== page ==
1) Small Sandbox
Most social encounters in a game happen within a very small area, which is also the case with this week’s upcoming Sidequest Saturday. The Veresovich Manor is easily laid out in your head—ballroom, several antechambers, kitchen, a dozen bedrooms, library, and so on.
First of all, decide which of these areas are off-limits for guests; the bedrooms (in which it is considered odd to see guests prowling around), the kitchen and library (where work is to be done and delicate objects stored), and so forth.
This is fine because the sandbox here doesn’t come from the area but from the multitude of NPCs within it to interact with. Do a quick outline of the rooms and layout and familiarize yourself with the statted NPCs, but most importantly, the secrets and the information that needs to be conveyed for the plot to advance. Then you are set to invite the players inside of the magnificent location of the social encounter.
2) List of Traits for NPCs
One of my little secrets (one many people use, so not really my secret) is lists. Make a list with ten, maybe fifteen different traits that make an NPC stand out—not for characters with full statistics, but for the un-statted NPCs that the PCs are bound to interact with.
We all know the situation: “I will try to engage the servant with the tray in conversation and avoid the monocle wearing man in the tails and top hat twirling his moustache”.
Who hasn’t been caught flat-footed by a player doing the opposite of what was intended? With a list in hand, your answer will be, “the servant with the slight limp, or the servant who has been sending flirtatious smiles all night?”
It is a simple, quick, easy way to make it seem as if you have spent hours preparing for impromptu moments. Until the first question to the servant is, “what’s your name?”—oh no, they caught us flatfooted!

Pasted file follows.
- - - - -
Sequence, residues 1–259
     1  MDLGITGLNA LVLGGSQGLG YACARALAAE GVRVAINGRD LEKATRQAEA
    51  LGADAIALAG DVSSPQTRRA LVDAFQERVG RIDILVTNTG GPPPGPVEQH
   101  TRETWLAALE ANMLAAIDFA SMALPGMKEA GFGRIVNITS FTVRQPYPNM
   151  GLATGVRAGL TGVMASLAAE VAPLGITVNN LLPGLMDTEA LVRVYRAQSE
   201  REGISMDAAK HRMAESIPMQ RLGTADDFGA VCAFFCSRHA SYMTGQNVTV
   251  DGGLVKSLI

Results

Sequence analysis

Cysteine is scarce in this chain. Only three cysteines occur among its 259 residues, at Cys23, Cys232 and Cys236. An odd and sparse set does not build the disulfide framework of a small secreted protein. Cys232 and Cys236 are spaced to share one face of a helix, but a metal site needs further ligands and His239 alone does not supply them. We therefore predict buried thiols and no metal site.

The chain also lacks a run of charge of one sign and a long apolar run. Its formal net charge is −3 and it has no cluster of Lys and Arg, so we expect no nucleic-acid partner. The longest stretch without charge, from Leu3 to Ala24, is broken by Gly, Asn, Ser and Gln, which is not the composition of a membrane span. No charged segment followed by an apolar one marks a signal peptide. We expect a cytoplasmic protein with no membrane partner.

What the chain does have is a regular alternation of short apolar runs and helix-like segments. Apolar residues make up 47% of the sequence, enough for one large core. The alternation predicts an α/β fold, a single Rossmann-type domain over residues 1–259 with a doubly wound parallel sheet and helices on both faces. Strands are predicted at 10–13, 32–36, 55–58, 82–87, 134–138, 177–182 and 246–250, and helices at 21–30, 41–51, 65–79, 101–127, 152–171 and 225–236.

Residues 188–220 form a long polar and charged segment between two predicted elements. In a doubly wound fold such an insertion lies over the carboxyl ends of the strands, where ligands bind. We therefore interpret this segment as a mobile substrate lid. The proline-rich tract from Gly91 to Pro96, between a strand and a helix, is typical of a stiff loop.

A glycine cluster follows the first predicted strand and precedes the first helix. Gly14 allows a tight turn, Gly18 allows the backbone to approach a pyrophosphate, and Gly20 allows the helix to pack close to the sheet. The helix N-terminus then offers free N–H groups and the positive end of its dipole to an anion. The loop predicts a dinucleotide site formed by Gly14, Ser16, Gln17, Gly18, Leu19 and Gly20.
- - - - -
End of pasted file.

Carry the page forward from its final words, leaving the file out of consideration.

Or did they? Read on…
3) Lists and More Lists
My biggest problem was always names. In one game I played in, we visited the Hansons on a farm and their neighbors the Jonas brothers lived on the next property. The GM did not do it on purpose, but Hanson and Jonas were the names that popped up!
Make a list of first names and surnames, and mark them off as you use them. This can be used throughout the whole campaign! In the next sidequest a list of titles will come in handy, just remember there can be more barons at the same location, but most likely only one captain of the guard in any given city.
This is an important one—when the PCs avoid the dastardly looking moustache-twirling man, don’t worry; remember the first tip! Familiarize yourself with the information needed to advance the plot. It doesn’t always matter who conveys the information so long as the adventurers get it—use your own NPC created from the lists you’ve compiled and the players will be none the wiser.
Go overboard! These social encounters will be more memorable if the party met Baron von Shnozzult, who ends every sentence with a nasal laugh, or Mrs Plushkin who goes teary-eyed every time she mentions her deceased small dog Dougy (which happens often). The adventurers may like the moustache twirling man, but he has been done so many times—imagine a villain driven by a desire to raise her only companion, Dougy; weird and freaky.
Don’t be afraid to roleplay some of the mannerisms of the NPCs—it will also help yourself to distinguish between the cast of characters as the adventurers interact with the wide circle of people available to them. The social encounter is the GM’s chance to seed and implement a plethora of different roleplaying situations, so enjoy it!
6) Sounds and smells
Finally the devil is in the details—remember the sounds and smells at any gathering of folks; music, food, and alcoholic beverages among them, to name a few. These can all be used to lure a PC away from their fellow adventurers should the need arise, but between the retinue of encapsulating sensations and the small sandbox only a very paranoid party will not take the bait and fall to the temptation to go on a little exploring of their own (especially rogues and mischievous characters).
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